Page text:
Archive for November, 2013

Cancer – many diseases in one?

Monday, November 18th, 2013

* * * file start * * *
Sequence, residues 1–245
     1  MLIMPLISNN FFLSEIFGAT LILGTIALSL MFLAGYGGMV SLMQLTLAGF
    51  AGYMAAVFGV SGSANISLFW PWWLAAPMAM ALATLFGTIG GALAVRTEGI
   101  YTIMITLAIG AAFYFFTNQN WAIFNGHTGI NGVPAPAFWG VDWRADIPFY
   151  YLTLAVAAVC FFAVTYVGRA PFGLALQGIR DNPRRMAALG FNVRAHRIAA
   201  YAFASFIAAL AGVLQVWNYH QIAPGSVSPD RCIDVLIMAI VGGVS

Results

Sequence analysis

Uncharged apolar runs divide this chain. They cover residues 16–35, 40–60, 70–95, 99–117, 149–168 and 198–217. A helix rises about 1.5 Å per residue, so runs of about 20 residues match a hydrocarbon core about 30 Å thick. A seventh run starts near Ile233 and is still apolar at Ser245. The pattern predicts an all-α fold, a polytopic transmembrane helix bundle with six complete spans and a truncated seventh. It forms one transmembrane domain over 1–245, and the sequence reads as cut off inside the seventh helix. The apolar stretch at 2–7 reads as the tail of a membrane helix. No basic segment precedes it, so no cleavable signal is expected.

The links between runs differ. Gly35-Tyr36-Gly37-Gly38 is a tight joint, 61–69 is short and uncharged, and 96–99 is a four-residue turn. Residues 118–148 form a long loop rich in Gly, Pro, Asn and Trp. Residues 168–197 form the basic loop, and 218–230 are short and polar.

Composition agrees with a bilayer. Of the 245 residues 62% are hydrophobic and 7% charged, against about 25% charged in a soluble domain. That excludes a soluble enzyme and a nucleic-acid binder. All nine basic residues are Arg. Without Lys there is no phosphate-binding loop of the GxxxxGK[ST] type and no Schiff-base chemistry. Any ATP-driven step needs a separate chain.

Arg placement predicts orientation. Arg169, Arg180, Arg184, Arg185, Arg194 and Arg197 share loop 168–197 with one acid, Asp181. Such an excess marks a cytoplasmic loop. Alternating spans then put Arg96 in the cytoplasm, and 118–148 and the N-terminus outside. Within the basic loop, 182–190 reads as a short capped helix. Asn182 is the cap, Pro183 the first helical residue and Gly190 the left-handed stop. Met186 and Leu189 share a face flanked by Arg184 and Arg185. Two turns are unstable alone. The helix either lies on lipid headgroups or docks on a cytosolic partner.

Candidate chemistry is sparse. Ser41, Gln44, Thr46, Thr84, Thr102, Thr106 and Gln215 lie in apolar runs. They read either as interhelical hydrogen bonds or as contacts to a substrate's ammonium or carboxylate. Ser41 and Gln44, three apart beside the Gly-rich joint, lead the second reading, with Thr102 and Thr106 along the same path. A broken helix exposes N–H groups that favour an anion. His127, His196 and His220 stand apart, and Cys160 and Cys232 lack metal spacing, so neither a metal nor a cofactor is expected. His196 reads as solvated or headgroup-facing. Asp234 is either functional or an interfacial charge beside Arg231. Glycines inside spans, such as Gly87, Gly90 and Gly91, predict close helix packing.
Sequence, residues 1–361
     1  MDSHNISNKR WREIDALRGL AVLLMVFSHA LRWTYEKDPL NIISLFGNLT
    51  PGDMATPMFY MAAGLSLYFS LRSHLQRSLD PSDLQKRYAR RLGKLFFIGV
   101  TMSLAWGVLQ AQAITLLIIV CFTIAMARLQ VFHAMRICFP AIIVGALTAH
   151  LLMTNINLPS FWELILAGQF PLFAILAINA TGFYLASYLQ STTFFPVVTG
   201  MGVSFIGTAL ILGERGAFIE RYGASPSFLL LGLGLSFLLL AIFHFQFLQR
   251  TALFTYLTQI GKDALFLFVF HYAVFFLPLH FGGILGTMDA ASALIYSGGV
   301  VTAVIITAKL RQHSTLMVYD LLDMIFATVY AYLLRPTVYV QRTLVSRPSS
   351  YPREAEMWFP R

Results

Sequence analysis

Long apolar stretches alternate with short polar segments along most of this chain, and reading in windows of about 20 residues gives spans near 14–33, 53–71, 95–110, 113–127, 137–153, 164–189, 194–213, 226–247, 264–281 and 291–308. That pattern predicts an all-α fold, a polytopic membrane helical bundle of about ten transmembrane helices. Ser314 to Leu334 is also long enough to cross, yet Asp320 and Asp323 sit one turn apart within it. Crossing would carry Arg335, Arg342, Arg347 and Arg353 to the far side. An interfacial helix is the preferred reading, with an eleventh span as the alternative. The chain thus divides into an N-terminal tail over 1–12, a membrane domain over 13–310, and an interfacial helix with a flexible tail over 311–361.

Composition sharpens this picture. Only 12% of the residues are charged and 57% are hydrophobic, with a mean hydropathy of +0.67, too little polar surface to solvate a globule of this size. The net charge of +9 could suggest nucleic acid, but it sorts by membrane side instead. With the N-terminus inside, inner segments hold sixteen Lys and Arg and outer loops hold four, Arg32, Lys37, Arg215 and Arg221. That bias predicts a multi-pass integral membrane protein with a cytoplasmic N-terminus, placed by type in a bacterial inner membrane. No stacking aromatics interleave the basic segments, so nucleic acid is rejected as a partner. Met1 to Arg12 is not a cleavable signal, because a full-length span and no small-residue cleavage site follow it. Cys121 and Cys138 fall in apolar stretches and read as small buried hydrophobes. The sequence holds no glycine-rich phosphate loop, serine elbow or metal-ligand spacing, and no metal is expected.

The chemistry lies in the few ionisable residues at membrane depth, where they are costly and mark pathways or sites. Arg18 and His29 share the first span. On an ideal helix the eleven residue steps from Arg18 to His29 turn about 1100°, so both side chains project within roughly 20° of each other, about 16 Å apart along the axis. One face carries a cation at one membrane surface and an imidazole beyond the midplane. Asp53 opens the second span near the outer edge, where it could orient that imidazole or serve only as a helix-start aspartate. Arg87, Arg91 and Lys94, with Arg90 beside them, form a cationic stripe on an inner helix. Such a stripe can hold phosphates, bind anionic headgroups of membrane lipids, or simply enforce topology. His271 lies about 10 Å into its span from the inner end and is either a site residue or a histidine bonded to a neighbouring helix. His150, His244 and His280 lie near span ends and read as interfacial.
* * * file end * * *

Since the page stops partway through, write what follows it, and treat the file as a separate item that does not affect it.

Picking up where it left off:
Cancer is a disease of the cells. The body is made up of a community of individual cells, each of which has a specific job to ensure that the community functions correctly. Liver cells must detoxify the fluids of the body, lung cells must exchange oxygen and carbon dioxide from the blood, and skin cells must separate the outside world from the inside of our body. In addition to performing their assigned jobs, cells are also good citizens. Cells respect the space of the other cells around them and support the healthiness of those cells. Occasionally, cells begin to grow in an uncontrolled fashion, causing many problems for the body. Cancer is a disease of uncontrolled cell growth or proliferation. Cancer cells are no longer good citizens. For instance, a liver cell that becomes cancerous no longer does its job of detoxifying the body. In addition, cancer cells do not respect their neighboring cells and will crowd them out of existence. We always had this concept that is still used in pathology today that each cancer type refers to the tissue and cell type of origin. In that case, breast cancers would emerge from the breast cells and have their original characteristics. It turns out that cancer is a combination of many different diseases in one. Cancer is not a single disease, but literally hundreds of different diseases. This is of great practical importance to both physicians and patients, because different cancers have to be treated differently having different outcomes for the patients. In this regard, recent studies have shown that we should classify and also treat tumors mainly based on the mutations that they carry other than the tissue of origin (see more in the article “Mutational landscape and significance across 12 major cancer types” by Kandoth et al. on Nature). Multiple genes are defective in cancers. Cancer does not occur from a single gene mutation in a single gene. Instead, the development of cancer involves multiple mutations within several key genes, including mutations in proto-oncogenes, tumor suppressor genes, DNA repair genes, etc. Researchers recently pointed out that we should start treating tumors based on their genetic and genomic profiles and landscape. These findings lay the groundwork for the development of personalized therapies. In addition, it is clear that pathways of genes should be the focus of treatment (see the comment “Herceptin pioneer’s life science innovation: Cancer pathways should be treatment focus” at MedCity News). These pathways of genes represent the driver defects that could be the cause of the disease, thus providing windows of opportunity in therapeutics (see more in the article “Comprehensive identification of mutational cancer driver genes across 12 tumor types” by Tamborero et al. on Nature). In the future, cancer will be a chronic disease controlled by an array of medicines each targeting a defective pathway of that specific tumor. Cancers will soon be classified based on their genetic profiles instead of the tissue of origin. Drug companies are already starting to adapt to this trend and new cocktails of more targeted therapies are on the horizon (Image Source: FOX News).